Clayton: Breaking down Seahawks picks Rashaad Penny, Rasheem Green
Once again, Seahawks general manager John Schneider navigated himself through a difficult draft situation.
Minus second- and third-round picks this year and a second-round pick next year, Schneider knew it was going to be a tough challenge to fill the voids. Sure, an Earl Thomas trade could have helped, but it never materialized.
Nevertheless, Schneider made a pair of trades that netted a third-round choice, a sixth-rounder and an extra seventh-rounder. With the third-rounder he grabbed USC defensive end Rasheem Green, a much needed pass-rusher. He was also able to re-sign cornerback Byron Maxwell on Friday to fix the depth problem at cornerback.
Now, Schneider heads into the final day of the draft with eight draft choices for the Seahawks and plenty of room to maneuver.
Here is what we learned the first two days of the draft.
• Pete Carroll’s desire to run the football remained the most important part of this offseason. Schneider and Carroll identified San Diego State’s Rashaad Penny as the back they wanted to upgrade the backfield. Penny checked more boxes than the other available backs. He’s fast (4.46 40-yard dash time). He’s low to the ground and powerful, coming in at 5 foot 11 and 220 pounds (and expected to play at 230). He can catch the football. Penny was the best back in college football last year after contact with 80 broken tackles. And he’s confident but humble.
• Schneider would have taken Penny with the Seahawks’ original first-round pick at No. 18, but he wanted to trade down. For a while, things looked bleak. The trade market wasn’t good until the Green Bay Packers stepped up and offered a third and a sixth. At least he was able to fill one of the two holes in Seattle’s draft between rounds one and four.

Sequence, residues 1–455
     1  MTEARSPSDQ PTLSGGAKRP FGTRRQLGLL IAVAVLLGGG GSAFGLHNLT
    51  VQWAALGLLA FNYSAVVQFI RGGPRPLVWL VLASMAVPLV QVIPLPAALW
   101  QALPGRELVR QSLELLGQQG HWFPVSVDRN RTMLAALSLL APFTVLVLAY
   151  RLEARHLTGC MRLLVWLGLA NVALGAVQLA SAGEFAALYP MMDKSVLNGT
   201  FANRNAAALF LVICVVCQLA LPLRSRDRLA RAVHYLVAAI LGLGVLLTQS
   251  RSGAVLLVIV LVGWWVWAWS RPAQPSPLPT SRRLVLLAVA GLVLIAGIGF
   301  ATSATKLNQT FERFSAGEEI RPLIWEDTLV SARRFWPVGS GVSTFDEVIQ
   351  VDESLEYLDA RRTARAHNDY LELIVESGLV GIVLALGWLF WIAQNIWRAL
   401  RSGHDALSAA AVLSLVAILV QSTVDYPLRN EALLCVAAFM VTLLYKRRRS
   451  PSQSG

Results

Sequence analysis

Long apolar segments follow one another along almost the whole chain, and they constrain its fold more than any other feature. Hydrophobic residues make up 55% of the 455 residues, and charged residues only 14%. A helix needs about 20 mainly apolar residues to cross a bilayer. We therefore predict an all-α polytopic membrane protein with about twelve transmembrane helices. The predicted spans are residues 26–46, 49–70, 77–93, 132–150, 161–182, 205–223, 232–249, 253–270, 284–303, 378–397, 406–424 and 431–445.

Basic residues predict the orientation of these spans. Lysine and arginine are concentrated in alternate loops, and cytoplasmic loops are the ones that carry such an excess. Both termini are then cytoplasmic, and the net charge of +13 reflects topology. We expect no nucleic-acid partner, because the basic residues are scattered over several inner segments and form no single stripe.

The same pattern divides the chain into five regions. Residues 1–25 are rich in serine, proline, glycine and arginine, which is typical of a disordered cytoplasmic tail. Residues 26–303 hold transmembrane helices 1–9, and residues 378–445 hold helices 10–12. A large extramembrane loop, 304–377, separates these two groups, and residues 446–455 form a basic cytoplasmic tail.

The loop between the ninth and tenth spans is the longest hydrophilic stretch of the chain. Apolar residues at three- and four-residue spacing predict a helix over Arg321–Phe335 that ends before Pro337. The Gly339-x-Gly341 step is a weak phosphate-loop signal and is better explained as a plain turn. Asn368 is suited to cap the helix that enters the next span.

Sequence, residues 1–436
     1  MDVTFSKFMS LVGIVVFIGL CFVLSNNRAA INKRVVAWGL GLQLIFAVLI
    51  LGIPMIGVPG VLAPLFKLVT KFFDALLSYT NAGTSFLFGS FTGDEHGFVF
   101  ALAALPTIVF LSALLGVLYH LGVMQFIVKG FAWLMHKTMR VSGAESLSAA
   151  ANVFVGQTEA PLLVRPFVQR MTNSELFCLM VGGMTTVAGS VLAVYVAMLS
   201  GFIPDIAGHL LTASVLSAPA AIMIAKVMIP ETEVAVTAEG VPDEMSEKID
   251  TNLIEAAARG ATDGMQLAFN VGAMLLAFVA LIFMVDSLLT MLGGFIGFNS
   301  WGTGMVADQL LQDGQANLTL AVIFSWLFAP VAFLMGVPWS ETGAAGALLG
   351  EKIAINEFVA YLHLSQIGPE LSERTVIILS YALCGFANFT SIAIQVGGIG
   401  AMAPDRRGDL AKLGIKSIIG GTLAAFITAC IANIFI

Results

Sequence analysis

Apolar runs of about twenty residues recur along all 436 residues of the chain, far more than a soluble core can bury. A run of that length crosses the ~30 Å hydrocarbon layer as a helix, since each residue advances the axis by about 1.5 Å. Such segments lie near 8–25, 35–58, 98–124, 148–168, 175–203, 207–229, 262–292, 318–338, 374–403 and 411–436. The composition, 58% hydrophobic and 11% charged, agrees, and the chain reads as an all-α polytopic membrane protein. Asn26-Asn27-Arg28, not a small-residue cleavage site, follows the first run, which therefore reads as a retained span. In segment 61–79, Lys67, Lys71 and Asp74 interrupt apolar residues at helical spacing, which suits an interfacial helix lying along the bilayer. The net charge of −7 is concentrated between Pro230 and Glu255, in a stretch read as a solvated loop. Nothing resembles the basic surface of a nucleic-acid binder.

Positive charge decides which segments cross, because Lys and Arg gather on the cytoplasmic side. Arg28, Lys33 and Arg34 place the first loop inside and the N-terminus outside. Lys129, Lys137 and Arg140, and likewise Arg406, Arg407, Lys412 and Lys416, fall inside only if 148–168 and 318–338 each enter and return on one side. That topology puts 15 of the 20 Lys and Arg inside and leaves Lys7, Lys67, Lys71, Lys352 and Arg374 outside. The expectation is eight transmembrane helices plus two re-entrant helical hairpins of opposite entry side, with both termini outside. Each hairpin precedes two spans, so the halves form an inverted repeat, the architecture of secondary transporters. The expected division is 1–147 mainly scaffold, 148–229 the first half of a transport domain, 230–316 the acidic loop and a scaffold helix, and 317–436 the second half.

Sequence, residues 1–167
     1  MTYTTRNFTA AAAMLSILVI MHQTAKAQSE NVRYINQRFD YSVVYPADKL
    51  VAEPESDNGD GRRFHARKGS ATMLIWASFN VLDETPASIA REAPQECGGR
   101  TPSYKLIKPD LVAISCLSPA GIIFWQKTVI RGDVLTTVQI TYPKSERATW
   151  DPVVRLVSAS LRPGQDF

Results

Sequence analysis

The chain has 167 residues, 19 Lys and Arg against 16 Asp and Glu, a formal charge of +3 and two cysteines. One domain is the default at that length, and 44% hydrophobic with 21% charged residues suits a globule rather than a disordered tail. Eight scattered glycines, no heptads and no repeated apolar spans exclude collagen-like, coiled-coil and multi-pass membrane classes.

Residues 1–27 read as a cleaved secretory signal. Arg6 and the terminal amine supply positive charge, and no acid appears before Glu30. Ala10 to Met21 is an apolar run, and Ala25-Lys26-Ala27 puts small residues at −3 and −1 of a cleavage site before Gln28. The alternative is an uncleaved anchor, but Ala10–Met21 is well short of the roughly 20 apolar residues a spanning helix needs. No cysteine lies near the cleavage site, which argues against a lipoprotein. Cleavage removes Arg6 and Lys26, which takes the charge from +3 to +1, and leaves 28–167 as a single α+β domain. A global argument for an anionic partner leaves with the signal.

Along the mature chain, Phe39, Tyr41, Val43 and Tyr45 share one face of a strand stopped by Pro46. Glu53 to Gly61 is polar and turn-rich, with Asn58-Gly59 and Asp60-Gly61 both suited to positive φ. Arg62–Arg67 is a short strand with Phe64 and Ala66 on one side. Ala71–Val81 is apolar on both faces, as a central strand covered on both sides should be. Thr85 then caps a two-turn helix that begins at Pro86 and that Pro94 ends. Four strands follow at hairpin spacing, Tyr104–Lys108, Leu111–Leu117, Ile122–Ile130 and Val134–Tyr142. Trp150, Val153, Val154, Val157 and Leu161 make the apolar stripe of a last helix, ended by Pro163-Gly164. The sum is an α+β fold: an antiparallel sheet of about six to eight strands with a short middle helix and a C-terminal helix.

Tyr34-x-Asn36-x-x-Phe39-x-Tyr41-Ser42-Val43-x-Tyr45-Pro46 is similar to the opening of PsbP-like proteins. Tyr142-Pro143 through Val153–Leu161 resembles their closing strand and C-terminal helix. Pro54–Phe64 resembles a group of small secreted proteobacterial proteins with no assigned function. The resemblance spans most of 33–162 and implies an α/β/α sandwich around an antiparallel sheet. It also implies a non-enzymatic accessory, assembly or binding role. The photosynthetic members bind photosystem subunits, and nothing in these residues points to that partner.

• Schneider almost made another trade Thursday that might have gained at least another third-round pick, but he stopped himself at the last minute. As he contemplated a trade back, he realized Penny would be gone by the time the Seahawks would have finally made their first pick. Penny was too important to sacrifice for a third-rounder.
• Even though most draft pundits didn’t have Penny in their top five, analytics analysts had higher evaluations. Penny was taken over Georgia’s Sony Michel because Michel has a long history of injuries. Penny was durable in college and wasn’t overused during his career. Penny also didn’t have any character issues, unlike LSU’s Derrius Guice.
• Schneider didn’t reveal the team that called him after he selected Penny to see if he would trade him, something that Schneider said had never happened before in his NFL career. People at San Diego State wouldn’t have been surprised if that team was the New England Patriots, whose spent a lot of time talking to the Aztecs coaches about Penny. After the Penny selection, the Patriots drafted Michel.
• An Earl Thomas deal wasn’t really going to happen. The Cowboys couldn’t offer their first-round pick, and chances of trading their second-rounder faded when they created two needs on offense: wide receiver after releasing Dez Bryant and tight end with the retirement of Jason Witten. The Cowboys ended up getting their receiver in the third round in Michael Gallup.
• The Seahawks had to love the way the third round was shaping up at pass-rusher. Only six edge-rushers went in the first 75 picks. Schneider knew he could get Green or Ohio State’s Sam Hubbard. That gave him the confidence to make a trade with Pittsburgh, picking up a seventh-round pick and moving down just three spots in the third, where he could still get Green. The Steelers took quarterback Mason Rudolph with Seattle’s initial No. 76 pick, which the Seahawks received the day before from Green Bay.
• Green has a chance to fill the Michael Bennett role. He will be the 5-technique at defensive end and move inside on passing downs. Nice fit.